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  1. Some point to be noted from the news article... 1.Mr Abbott said he would not cut the employer-nominated categories – because business needed to continue to grow – or the family reunion program. 2.The planned cuts will focus on family and student visa programs, while skilled migration would largely be quarantined. 3.Mr Abbott said the Coalition would keep skilled migration numbers up, but would crack down on "dubious educational and family-reunion applicants". 4.he Coalition would begin a White Paper on immigration if they win office to set out a detailed plan for enacting the cuts to immigration programs, and release a discussion paper by the end of the year on the topic. Although Mr Morrison would not detail where the cuts would be made, he indicated that family and student visa programs were the bulk of the remaining visa classes that were not protected under the Coalition's new policy. Read more on this story here.... Libs would slash foreign student intake | The Daily Telegraph I do not know whether Coalition is really serious about these immigration reforms. If this is true then I would expect Coalition would be far better than Evan's. I But on the other hand If these are just election stunts to attract voters then I am afraid after election things will change.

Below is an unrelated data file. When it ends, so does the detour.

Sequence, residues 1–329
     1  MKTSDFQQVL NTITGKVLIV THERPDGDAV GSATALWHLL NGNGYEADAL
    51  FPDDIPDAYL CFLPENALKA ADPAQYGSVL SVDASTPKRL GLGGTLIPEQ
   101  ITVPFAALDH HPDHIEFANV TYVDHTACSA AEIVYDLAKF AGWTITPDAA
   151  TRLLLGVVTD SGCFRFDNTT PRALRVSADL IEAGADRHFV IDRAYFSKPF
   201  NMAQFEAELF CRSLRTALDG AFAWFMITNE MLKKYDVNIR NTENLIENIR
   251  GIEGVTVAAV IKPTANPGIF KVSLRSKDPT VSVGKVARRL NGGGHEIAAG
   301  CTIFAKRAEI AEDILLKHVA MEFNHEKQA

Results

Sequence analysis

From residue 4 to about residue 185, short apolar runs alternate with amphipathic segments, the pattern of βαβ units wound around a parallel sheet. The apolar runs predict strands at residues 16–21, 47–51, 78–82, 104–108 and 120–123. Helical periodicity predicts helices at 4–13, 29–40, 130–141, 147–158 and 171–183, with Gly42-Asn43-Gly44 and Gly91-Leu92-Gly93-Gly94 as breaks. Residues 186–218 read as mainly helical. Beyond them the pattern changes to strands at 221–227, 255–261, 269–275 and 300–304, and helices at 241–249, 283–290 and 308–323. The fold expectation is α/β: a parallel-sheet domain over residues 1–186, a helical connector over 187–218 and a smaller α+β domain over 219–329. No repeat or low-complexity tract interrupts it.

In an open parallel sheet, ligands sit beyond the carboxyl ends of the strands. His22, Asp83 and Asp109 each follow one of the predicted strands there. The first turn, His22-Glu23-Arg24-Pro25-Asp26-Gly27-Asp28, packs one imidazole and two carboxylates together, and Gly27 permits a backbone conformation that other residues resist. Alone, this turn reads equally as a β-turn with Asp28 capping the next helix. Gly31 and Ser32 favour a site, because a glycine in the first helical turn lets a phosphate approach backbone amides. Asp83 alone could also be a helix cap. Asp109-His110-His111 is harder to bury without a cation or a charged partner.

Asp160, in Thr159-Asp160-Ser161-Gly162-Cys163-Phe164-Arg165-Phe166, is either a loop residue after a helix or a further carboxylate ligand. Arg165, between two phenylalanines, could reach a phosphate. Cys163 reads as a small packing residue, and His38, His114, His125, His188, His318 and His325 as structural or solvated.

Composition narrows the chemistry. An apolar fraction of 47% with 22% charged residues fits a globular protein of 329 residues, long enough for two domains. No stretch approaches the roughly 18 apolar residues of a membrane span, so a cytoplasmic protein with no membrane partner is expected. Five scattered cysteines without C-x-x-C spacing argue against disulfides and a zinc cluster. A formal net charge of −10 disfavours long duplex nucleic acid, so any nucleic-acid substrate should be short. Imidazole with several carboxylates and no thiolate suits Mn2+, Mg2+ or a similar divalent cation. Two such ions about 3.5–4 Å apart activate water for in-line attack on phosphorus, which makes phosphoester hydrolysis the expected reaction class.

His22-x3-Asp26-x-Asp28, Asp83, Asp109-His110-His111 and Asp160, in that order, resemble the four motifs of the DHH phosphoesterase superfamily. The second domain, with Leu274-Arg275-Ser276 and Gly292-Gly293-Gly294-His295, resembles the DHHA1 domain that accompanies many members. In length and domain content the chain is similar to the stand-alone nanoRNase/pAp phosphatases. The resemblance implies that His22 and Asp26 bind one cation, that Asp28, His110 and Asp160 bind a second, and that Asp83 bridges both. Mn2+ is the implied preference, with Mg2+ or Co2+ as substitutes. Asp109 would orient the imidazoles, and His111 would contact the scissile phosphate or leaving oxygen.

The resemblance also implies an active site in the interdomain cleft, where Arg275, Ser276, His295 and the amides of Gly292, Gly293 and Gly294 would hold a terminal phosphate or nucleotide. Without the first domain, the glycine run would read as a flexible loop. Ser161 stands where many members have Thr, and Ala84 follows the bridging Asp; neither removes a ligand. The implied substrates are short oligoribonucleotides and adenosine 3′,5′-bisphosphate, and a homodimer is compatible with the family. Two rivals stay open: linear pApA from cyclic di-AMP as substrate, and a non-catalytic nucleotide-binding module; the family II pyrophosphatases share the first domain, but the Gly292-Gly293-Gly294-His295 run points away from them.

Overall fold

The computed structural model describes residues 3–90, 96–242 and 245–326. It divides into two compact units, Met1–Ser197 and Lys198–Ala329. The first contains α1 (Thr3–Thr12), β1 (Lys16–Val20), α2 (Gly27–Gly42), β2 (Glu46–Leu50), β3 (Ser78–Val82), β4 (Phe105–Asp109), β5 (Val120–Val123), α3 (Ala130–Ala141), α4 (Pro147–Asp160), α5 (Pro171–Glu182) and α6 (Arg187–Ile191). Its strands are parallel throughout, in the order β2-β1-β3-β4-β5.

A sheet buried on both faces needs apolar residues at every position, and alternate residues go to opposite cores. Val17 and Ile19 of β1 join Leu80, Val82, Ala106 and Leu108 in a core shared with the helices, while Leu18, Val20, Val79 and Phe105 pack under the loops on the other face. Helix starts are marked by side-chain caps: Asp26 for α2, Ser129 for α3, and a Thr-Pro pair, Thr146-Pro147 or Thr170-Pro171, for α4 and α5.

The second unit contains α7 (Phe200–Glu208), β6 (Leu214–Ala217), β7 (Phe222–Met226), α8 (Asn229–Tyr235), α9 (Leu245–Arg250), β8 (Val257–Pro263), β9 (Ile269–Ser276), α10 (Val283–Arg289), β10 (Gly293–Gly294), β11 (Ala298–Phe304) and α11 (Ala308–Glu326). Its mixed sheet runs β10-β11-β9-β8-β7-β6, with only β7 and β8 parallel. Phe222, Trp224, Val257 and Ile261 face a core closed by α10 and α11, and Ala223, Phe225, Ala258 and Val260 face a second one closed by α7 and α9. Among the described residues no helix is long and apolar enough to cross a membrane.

2. See story below. I would expect Gillard to shadow Abbott's moves on immigration and given its status as an entree to MasterChef tonight I expect they'll be striving for effect if they get onto that topic in the leaders debate. A lot of things said during election campaigns are later forgotten, but if they both put numbers on the extent of the reduction that might make it very difficult to unsay. The very sad part about this kind of xenophobic auction is that Australia's prosperity - and survival of the GFC - is tied to maintaining sensible levels of net immigration. Going down the path suggested will make Australia more like New Zealand and Ireland. However if this story is just kite flying - testing the effect of a policy before announcing it - then I think every participant on this and every other forum should be letting Tony Abbott know what they think about it. LEADER OF THE OPPOSITION Parliament House RG109 Canberra ACT 2600 Phone: (02) 6277 4022 Fax: (02) 6277 8562 FEDERAL MEMBER FOR WARRINGAH Level 2 17 Sydney Rd MANLY NSW 2095 Phone: (02) 9977 6411 Fax: (02) 9977 8715 Email:tony.abbott.mp@aph.gov.au Coalition to cut migrant numbers STEPHANIE PEATLING July 25, 2010 The Coalition is preparing to announce dramatic cuts to the migration program as it seeks to outmanoeuvre the government on population and immigration. Opposition Leader Tony Abbott is due to make a major announcement on immigration as early as today and is believed to be considering cuts of more than 110,000 places a year - most from the skilled migration program. ''There will be a substantial reduction and that figure has been mentioned several times,'' a senior campaign strategist told The Sun-Herald. Another insider said the timing of the announcement was still being worked on but it was possible Mr Abbott would nominate the figure as soon as tonight in the debate with Prime Minister Julia Gillard. Naming the figure would play to voters' concerns that Labor is not prepared to back its statements on population with action, another strategist said. ''Julia Gillard is dog whistling, making tough noises, but won't name any figures. What we're picking up is: it's tough noises but there's no action to back it up. There's not even a substantial review,'' a senior Liberal Party player said. Liberal strategists believe a commitment to cut immigration would be controversial but help the Coalition's election chances. ''We're certainly picking up that Labor is absolutely vulnerable on this,'' one strategist said. But it would anger business, which says it needs immigration in order to keep up productivity. Polling for both parties shows people in crucial outer metropolitan seats are particularly worried about population and immigration, and see the issues as linked. Sustainable Population Minister Tony Burke said yesterday people needed to concentrate on the distribution of Australia's population. ''One of the problems years ago when it was first tried was decentralisation meant going to areas where there weren't jobs,'' Mr Burke said. ''That has now changed. The mining boom means that in the regions there are jobs, and broadband being rolled out around the country takes away the tyranny of distance for a whole lot of other industries as well.'' Opposition immigration spokesman Scott Morrison would not comment on a specific reduction in numbers but said the size of the immigration program had to be addressed. ''There's only one lever left to pull. That's [immigration] the only thing that will make a difference,'' Mr Morrison said. Mr Abbott spent yesterday in Perth and Kalgoorlie, where he continued to highlight concerns about asylum seekers and the mining tax. Despite Labor's strong showing in the opinion polls, party officials are concerned about its support in Queensland and Western Australia. Mr Abbott announced $50 million for communities to install security cameras to prevent crime. Federal Election | Abbott keen to cut migration